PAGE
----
Where Darwin Meets the Bible: creationists and evolutionists in America,
by Larry A. Witham, Oxford University Press, 2002; 344 pages, $30.00 hardcover; ISBN 0-19-515045-7
As a reporter and senior writer at the national desk of The Washington Times, Larry A. Witham possesses tools, training and experience that are well represented across the pages of Where Darwin Meets the Bible. Interviews, taped conferences, surveys, polls, newspaper and magazine articles, proceedings, research reports, seminal books and journal papers are the sources from which the author draws a complete, well balanced picture of the perennial creation-evolution controversy in USA. Practically each paragraph is supported by references, many of them corresponding also to interviews with the author of the cited work. Both sides of the debate are covered.
The book comprises fifteen chapters plus preface, introduction, appendix, notes and analytical index. For possible future editions, it would be useful for academic purposes to include an alphabetized bibliography and alphabetized references. This edition mixes explanatory notes and bibliographic references. For those that prefer a first quick reading a differentiation between them would be helpful.
The first chapter titled “Darwin’s Legacy in America” is devoted to describing how the debate began. Witham relates the origin of the debate to the appearance of The Origin of Species and to the opinions that the book provoked, presenting the scientific and educational context from that epoch to today. Chapter Two uses a “two books” parable concerning the two ways of knowing: scriptural and natural. Witham describes the initial interactions and contradictions between these two ways.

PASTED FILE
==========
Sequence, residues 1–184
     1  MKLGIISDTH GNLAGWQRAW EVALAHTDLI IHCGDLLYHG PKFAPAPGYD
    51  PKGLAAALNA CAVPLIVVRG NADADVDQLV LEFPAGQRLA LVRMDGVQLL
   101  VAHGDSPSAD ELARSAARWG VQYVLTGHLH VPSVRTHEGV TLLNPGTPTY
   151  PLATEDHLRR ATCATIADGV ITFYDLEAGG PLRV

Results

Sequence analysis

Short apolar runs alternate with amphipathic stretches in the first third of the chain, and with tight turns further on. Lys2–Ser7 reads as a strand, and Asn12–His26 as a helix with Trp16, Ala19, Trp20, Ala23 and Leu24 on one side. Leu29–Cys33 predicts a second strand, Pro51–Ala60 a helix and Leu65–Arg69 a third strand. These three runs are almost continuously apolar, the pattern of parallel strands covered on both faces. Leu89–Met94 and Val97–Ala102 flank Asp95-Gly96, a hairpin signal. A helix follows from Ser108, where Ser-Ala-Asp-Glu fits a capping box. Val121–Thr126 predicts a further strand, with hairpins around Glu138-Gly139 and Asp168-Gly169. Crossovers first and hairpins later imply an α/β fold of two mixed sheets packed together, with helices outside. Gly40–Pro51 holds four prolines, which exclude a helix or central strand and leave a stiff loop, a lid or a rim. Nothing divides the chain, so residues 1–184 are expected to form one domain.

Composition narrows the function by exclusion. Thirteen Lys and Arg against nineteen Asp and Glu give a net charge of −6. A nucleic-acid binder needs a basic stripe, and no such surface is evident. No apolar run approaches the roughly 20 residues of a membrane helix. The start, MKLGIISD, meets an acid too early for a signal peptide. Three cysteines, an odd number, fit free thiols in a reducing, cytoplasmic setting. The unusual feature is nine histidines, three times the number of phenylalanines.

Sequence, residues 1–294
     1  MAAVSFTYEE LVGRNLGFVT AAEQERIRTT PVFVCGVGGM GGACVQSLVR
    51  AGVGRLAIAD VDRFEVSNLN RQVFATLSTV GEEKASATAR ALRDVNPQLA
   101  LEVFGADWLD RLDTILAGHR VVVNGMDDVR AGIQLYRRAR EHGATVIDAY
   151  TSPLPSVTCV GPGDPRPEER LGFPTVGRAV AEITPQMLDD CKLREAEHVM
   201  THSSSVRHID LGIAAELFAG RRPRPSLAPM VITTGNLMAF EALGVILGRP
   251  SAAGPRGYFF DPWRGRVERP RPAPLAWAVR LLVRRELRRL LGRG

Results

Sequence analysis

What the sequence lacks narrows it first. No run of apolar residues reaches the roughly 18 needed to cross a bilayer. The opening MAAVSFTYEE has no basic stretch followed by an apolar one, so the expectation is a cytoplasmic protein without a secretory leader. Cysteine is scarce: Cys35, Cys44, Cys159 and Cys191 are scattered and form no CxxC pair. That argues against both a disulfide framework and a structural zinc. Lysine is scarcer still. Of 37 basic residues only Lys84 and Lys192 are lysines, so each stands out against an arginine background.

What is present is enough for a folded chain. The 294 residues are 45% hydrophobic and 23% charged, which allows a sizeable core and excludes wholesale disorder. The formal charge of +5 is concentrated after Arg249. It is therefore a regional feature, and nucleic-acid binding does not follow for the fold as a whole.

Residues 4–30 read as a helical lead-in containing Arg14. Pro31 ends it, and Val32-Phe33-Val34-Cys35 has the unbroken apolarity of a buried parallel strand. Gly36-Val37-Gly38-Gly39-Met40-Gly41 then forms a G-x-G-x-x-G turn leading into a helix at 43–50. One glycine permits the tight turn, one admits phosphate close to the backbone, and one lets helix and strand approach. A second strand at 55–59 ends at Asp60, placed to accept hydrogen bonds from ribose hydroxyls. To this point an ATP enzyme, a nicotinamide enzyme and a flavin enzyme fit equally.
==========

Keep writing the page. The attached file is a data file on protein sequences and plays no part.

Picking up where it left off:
The third chapter uses the “boundary theory" concept from the social sciences to initially identify several groups involved in the controversy. Witham characterizes a vast spectrum of such groups, including evolutionists, theistic evolutionists, progressive creationists and young-Earth creationists.
The fourth to seventh chapters cover in detail the battles between creationists and evolutionists over the origin of life forms on this planet. Chapters eight to ten consider specific venues and vehicles of the debate such as schools, textbooks, higher education, museums and sanctuaries. In the section on higher education, Witham shows how various universities treat the opposed positions.
Chapters 11 to 14 discuss the beliefs of scientists, mass media coverage, and how scientific and theological viewpoints could develop an American definition of human nature. The last chapter, "Search for the Underdog," covers five issues that remain controversial, and how the debate continues.
There are some small errors, such the omission of an “A” in "AAAS" that changes the American Association for the Advancement of Science into the American Astronomical Society (p. 43), or lapsus calami I guess, giving 1840 instead of 1844 as the year of first edition of Robert Chamber’s Vestiges of the Natural History of Creation, and the confusion between the persons of paleontologist Richard Owen and socialist thinker Robert Owen (p. 181).
Witham’s book is a clear and superb example of neutral investigative journalism, if such a thing exists. It is a broad but stenographic history of science and religion interactions concerning evolution and creationism. It should be read by anyone desiring an introduction to this subject.
Durruty Jesús de Alba Martínez
Instituto de Astronomía y Meteorología
CUCEI, Universidad de Guadalajara